________________ CM . . . . Volume XIII Number 21 . . . . June 8, 2007


How to Save the Universe Again.

Rob Payne.
Toronto, ON: Puffin Canada/Penguin Group, 2007.
247 pp., pbk., $12.99.
ISBN 978-014331242-0.

Grades 7-10 / Ages 12-15.

Review by Ann Ketcheson.

**** /4

Reviewed from Uncorrected and Unpublished Proofs.


I craned my neck toward a sliver of light, felt a wet plop along the back of my skull, and was instantly blinded. Illumination burned my closed eyelids like firecrackers exploding on my skin.  Colours swirled from red to yellow to purple before calming. When my eyes had adjusted I looked down to see dirt and what appeared to be a spinning grey rock just below my chin. I tried to twist but my skin seemed to be locked into place, fused against the cave my head had emerged from. I extended my neck as far as possible - amazed that it seemed so elastic - and peered from side to side. My breath caught and I swallowed hard. Below me was a twirling shell. I pivoted and noticed two dangling flaps of grey that looked suspiciously like antennae.

I couldn't believe it. I had turned into a snail.

Once again, John Fitzgerald has to give up his job at Burger Hut and save the universe! DIMCO's evil inter-dimensional agents have found him in Toronto and left him no choice. Fortunately, the friends who helped him in How to be a Hero on Earth 5, Gus and Delores, are available to once again join the fight.

     This young adult science-fiction novel is packed with weird and inventive adventures as John and his friends meet up with gigantic ants, a rampaging statue and victims of the black death who have come to life again. There is never a dull moment, especially since merely one's thoughts can have an effect on the outcome of events, to say nothing of reality distortions which, for example, turn a person into a snail! And, if this isn't enough stress, John is under pressure to find his parents who have been captured by DIMCO and may not survive their ordeal.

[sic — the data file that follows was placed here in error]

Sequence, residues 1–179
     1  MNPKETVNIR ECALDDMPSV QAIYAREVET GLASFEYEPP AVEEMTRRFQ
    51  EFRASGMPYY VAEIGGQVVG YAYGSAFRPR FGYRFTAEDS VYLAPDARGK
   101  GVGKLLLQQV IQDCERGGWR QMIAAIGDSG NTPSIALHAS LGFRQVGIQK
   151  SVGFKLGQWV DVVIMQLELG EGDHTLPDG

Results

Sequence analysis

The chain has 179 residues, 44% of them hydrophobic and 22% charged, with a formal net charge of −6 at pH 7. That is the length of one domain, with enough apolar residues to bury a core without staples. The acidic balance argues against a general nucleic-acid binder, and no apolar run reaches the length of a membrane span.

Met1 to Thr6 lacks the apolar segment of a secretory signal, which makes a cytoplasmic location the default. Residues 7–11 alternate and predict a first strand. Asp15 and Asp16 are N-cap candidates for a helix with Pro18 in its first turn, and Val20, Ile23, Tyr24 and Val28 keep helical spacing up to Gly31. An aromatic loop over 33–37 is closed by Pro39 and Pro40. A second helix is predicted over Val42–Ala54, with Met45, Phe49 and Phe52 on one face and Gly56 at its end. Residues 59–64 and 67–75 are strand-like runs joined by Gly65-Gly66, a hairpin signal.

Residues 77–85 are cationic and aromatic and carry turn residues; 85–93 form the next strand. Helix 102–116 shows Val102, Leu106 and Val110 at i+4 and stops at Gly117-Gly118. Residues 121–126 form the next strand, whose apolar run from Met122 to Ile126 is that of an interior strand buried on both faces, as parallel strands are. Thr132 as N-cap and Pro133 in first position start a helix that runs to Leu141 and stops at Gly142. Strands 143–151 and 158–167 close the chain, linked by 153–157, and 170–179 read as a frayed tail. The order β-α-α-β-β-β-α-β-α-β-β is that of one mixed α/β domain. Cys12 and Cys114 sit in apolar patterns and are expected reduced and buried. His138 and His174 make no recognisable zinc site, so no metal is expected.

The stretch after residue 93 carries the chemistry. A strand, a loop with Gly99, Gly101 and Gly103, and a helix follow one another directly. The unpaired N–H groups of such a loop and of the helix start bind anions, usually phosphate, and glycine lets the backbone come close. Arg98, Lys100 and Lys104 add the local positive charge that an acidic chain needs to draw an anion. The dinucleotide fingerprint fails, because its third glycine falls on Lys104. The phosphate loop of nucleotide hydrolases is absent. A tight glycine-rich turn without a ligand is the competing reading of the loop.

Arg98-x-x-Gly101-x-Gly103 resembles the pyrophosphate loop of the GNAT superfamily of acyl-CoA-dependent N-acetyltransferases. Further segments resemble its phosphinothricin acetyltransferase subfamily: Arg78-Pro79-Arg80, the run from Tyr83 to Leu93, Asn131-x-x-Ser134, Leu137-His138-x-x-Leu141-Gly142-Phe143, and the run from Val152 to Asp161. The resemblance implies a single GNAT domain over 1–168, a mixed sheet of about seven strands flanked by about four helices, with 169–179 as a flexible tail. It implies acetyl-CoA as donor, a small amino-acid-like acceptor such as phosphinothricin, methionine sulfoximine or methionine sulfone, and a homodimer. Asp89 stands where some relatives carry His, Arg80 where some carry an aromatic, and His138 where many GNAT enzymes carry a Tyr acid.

From Toronto, Canada, to London, England, John is once again swept up in a bizarre fight against the bad guys if the universe is to be saved. Rob Payne's description of people and places is vivid, and the dialogue is zany yet realistic. The novel is packed with off-beat humour, such as

"Seeing as he's got an ego bigger than a football field we should be attacking that."

"We all know what pride comes before," I said.

"Prejudice," Gus murmured. "We had to read it in school."

     Reading a Rob Payne novel is rather like enjoying a superhero comic book, but with more detail and colour. Aspects of adventure, science fiction and fantasy are presented in a creative and humorous style so this is a sure-to-please young adult novel.

Highly Recommended.

Ann Ketcheson, who lives in Ottawa, ON, is a retired teacher-librarian and teacher of high school English and French. 

To comment on this title or this review, send mail to cm@umanitoba.ca.

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